My neighborhood was never in any immediate danger, but the orange ball of the sun hanging in the sky like the Eye of Sauron in "The Lord of the Rings" was enough to convince me to have a bag packed and ready to go if necessary — a first for me in the 20 or so years I've lived here. I even emailed friends in a nearby town to plan for where we'd go if we had to leave. I constantly checked the fire and air quality map, the local forecast and the InciWeb site for the nearest fire — and even added shortcuts to them on my cellphone.

I wore the N95 mask I purchased for the COVID-19 pandemic for the first time. The cotton masks I'd been using wouldn't keep out wildfire smoke and particles, I learned. My husband and I even put wet towels against our doors and ran two air purifiers with HEPA filters on high. We didn't leave the house for 10 days. We were more housebound during the fires than we had been in the early days of Oregon's stay at home orders for coronavirus containment.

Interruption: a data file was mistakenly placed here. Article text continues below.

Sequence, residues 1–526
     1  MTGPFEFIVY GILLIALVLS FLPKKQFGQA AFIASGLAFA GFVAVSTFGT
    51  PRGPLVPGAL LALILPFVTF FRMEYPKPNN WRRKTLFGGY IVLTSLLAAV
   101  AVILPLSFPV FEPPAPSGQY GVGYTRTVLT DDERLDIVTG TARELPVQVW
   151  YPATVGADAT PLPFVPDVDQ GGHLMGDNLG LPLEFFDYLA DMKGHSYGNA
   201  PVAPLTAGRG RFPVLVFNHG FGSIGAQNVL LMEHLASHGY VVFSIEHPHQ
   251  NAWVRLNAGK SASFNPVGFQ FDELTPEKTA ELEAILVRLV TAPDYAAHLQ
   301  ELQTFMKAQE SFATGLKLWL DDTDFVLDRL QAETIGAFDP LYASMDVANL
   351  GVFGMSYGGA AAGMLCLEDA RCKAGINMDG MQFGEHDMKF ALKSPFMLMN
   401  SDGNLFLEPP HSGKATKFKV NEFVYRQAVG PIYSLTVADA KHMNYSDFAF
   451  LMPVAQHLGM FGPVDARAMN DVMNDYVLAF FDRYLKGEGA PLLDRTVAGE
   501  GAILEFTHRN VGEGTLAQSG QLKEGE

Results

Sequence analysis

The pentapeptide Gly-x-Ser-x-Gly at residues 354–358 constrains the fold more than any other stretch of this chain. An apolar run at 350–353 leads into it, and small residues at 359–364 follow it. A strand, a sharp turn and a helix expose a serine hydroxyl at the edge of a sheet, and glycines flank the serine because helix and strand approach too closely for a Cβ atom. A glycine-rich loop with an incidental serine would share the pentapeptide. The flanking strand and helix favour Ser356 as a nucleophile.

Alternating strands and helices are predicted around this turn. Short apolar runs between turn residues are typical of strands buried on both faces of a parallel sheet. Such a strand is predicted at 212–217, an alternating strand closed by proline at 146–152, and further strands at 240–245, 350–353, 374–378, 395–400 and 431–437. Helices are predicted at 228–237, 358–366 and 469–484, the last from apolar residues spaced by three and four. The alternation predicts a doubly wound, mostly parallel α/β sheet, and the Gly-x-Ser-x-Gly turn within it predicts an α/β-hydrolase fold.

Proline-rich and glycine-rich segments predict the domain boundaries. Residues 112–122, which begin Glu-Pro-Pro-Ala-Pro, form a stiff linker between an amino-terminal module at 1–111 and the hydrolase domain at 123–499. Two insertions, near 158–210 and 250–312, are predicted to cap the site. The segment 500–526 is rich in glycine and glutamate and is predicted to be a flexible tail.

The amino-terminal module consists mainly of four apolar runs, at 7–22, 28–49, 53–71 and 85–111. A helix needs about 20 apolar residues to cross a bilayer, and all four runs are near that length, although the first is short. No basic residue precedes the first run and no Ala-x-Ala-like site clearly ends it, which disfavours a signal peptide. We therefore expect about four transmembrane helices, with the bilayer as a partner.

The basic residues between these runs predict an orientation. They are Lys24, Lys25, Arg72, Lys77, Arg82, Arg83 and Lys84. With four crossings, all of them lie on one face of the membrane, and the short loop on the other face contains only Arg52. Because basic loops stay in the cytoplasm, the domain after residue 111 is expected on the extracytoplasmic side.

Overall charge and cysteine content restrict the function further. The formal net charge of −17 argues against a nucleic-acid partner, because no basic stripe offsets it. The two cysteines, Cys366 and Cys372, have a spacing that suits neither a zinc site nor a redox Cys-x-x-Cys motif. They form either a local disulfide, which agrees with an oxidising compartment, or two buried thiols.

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Even in a state with a fire season and forests that have adapted to fire, this was bad. And while the 2020 wildfires have been the worst we've seen in the West, they're not going to get better anytime soon. Forests are a complex system, and so there are many reasons for more fires over a longer season, such as ignition sources (like lightning or downed power lines), forest management and climate change.